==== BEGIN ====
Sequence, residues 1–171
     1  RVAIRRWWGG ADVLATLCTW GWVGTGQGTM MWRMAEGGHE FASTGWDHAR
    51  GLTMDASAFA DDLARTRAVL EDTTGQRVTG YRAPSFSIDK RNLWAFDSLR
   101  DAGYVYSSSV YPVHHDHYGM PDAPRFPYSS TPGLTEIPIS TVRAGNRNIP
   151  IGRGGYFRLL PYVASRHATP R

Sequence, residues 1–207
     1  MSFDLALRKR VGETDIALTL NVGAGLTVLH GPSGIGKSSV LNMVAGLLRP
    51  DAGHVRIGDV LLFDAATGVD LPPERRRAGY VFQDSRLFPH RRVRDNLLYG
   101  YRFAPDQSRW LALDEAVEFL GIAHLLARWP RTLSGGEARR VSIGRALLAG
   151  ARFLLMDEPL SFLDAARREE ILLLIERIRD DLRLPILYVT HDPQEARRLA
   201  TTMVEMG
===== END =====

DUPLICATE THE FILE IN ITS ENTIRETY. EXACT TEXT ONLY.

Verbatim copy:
Sequence, residues 1–171
     1  RVAIRRWWGG ADVLATLCTW GWVGTGQGTM MWRMAEGGHE FASTGWDHAR
    51  GLTMDASAFA DDLARTRAVL EDTTGQRVTG YRAPSFSIDK RNLWAFDSLR
   101  DAGYVYSSSV YPVHHDHYGM PDAPRFPYSS TPGLTEIPIS TVRAGNRNIP
   151  IGRGGYFRLL PYVASRHATP R

Sequence, residues 1–207
     1  MSFDLALRKR VGETDIALTL NVGAGLTVLH GPSGIGKSSV LNMVAGLLRP
    51  DAGHVRIGDV LLFDAATGVD LPPERRRAGY VFQDSRLFPH RRVRDNLLYG
   101  YRFAPDQSRW LALDEAVEFL GIAHLLARWP RTLSGGEARR VSIGRALLAG
   151  ARFLLMDEPL SFLDAARREE ILLLIERIRD DLRLPILYVT HDPQEARRLA
   201  TTMVEMG